AMERICAN, BORN 1953
Chakaia Booker works almost exclusively with recycled tires—slicing, twisting, stripping, weaving, and riveting rubber and radials to create and exaggerate the textures, prickled edges, and torqued forms of her radical refashioning. Whether she is creating small-scale wall reliefs resembling ballistic blowouts, suggestively hairy and ovoid pedestal sculptures, or colossal landscape-like tableaux, Booker transforms tires—iconic symbols of urban waste and blight—into extraordinary compositions of renewal.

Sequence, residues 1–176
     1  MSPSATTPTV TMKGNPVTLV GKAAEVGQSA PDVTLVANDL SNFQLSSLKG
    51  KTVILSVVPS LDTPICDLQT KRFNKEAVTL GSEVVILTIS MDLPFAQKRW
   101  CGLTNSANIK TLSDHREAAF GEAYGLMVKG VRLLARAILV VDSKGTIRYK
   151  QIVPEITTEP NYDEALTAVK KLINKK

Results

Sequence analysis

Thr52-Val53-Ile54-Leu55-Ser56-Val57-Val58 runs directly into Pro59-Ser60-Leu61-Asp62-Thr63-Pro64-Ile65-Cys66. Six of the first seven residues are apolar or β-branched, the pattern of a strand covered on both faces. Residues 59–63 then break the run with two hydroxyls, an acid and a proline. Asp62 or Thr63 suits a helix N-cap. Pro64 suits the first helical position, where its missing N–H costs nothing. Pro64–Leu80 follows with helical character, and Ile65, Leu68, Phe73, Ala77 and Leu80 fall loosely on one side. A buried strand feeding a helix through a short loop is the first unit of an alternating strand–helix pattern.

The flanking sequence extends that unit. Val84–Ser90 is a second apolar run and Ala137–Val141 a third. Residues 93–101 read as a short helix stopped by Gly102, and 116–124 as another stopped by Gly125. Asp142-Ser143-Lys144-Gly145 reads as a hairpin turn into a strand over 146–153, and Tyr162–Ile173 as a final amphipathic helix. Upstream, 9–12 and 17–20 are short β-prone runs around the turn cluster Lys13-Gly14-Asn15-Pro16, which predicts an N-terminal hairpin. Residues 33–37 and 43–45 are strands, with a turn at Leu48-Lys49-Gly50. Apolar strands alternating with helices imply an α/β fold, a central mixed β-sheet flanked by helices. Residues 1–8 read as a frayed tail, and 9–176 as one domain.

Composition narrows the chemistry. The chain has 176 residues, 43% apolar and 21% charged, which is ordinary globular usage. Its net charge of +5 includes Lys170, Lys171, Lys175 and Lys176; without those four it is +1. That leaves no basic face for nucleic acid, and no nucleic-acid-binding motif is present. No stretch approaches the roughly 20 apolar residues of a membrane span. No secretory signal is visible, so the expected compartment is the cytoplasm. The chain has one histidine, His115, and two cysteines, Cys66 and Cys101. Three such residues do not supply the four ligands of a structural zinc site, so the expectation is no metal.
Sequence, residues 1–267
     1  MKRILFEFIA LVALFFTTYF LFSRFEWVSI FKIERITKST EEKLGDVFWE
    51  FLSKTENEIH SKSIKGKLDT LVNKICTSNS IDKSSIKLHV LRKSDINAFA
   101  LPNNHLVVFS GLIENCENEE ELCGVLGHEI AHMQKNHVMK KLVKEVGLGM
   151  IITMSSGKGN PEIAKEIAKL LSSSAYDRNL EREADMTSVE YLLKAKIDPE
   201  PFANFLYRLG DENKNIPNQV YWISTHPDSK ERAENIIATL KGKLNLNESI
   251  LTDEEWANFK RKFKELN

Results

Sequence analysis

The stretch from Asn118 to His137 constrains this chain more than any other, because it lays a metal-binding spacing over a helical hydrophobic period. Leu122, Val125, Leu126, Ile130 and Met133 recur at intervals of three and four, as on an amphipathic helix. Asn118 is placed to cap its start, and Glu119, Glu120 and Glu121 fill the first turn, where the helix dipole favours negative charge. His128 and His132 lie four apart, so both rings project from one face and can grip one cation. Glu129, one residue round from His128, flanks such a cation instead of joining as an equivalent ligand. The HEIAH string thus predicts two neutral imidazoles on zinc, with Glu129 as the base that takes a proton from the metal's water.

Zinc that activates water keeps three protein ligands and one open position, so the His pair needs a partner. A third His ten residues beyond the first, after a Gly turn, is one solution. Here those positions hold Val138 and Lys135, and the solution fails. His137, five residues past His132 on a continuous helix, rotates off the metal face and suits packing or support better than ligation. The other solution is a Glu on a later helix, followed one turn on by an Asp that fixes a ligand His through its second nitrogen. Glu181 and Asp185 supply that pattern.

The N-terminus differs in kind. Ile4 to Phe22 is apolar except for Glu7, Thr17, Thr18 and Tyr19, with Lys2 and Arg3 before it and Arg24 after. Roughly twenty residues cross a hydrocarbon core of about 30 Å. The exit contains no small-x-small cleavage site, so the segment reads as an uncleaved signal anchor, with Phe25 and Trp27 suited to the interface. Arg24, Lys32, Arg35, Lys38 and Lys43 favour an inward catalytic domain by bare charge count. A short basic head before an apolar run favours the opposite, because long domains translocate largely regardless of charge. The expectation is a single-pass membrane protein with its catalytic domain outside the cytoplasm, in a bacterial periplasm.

A Moment in Time conveys multiple meanings that crisscross historical, social, political, and cultural contexts. The different tonalities of the rubber, for instance, from brown- and blue-, to green- and red-black, are linked to issues of African-American identity as well as to the history of black as a color in modern art. As commercial objects, tires symbolize the rise and fall of industrial revolutions, the movement of populations across the landscape, the growth of the suburbs, and the decay of urban centers. Discarded and now re-used, the tires are also metaphors for the modern cycle of industrial manufacture and waste in an era of global expansion. A Moment in Time alludes not only to environmental degradation and decay but also to the possibility of transformation and redemption through the artist’s own brand of environmental spiritualism.